Markéta Magidová is an artist working with film, performance, installation and text. She has participated in many Czech and international exhibitions and festivals (Moscow International Biennale for Young Art, festival Ha!Wantgarda, Festival of Film Animation: Other Visions, Days of Slovak Literature, Lisbon Architecture Triennale) and has held more than 20 solo exhibitions. She has published two books (Translation, Home Vocabulary) and created the play Persona Forte with Jan Pfeiffer.
Jindřiška Křivánková is an actress, dancer, choreographer, yoga teacher and author with strong interest in the development of contemporary theater performances. She finished her studies at Duncan Center in Prague and the Academy of Performing Arts in Prague. Since 2002 she started her professional career as an actress and author. In 2008 she became one of the founding member of Spitfire Company physical theater. She´s co-founder of Kolonie o.s. theater company constantly working in Praque. She was awarded as the Talent of the Year (2010) at the Next Wave festival in Czech republic.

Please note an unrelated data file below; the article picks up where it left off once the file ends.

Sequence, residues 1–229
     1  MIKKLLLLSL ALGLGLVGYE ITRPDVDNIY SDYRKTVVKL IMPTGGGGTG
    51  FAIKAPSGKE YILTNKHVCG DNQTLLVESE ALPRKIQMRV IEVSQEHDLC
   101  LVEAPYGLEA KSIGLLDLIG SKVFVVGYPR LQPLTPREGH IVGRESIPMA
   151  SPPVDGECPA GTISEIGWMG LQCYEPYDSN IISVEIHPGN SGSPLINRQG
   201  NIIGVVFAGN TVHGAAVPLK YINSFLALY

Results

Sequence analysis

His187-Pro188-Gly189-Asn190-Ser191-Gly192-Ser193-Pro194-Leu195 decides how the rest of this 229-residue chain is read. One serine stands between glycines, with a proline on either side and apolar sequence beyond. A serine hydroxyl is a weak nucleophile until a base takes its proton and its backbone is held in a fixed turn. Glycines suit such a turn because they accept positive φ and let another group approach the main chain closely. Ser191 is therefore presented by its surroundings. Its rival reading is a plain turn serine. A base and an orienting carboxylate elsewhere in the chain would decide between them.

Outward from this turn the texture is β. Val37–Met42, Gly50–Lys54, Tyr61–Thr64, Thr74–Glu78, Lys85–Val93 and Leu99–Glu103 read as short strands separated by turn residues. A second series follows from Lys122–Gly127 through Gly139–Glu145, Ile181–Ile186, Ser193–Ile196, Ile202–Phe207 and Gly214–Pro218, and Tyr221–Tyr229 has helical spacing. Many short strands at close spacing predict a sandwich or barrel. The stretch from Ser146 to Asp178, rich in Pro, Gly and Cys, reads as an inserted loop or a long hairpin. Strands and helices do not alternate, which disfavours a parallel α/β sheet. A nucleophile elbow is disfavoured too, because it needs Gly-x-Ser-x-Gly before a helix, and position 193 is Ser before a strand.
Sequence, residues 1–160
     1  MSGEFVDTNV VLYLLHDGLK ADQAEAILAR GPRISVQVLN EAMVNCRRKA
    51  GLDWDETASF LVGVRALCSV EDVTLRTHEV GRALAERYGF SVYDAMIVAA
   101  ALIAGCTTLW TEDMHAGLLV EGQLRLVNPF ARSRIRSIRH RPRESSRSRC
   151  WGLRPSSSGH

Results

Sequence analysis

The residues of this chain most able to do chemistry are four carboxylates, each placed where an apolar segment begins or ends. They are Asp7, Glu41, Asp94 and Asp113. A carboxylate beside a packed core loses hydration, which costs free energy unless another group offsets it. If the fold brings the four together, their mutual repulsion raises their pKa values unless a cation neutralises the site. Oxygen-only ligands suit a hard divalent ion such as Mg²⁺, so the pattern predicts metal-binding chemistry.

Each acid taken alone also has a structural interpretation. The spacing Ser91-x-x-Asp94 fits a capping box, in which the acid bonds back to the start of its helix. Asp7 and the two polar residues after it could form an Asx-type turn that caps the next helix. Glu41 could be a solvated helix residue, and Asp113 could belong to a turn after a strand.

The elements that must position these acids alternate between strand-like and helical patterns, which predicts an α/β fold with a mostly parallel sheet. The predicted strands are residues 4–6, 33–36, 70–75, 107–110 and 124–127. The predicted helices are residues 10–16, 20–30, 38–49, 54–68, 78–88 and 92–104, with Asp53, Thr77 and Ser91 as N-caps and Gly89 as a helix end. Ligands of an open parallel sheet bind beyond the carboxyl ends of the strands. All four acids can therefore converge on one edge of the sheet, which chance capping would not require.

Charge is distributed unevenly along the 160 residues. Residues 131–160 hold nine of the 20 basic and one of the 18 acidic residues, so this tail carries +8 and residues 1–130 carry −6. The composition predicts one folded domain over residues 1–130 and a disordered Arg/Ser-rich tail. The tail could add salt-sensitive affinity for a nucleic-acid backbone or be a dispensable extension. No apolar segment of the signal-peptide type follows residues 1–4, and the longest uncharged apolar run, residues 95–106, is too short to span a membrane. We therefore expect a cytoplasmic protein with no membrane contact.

5. 10. | Desfours palace 18.00
9. 10. | Desfours palace 18.00
How not to want anything… and not even talk about it
For the moderators: Luděk Vrba and Gabriela Langošová
Large group communication is an analytical method that by its very nature encourages the free exchange of ideas, feelings and imagination exclusively through words (or the lack thereof) within a predefined framework. The aim is to capture the internal workings of the individual participants and the group as a whole while attempting to gain insight into the unconscious processes going on at that particular time. These may but need not be related to the main subject. Each large group communication plays out differently.
Within an exhibition How not to want anything ›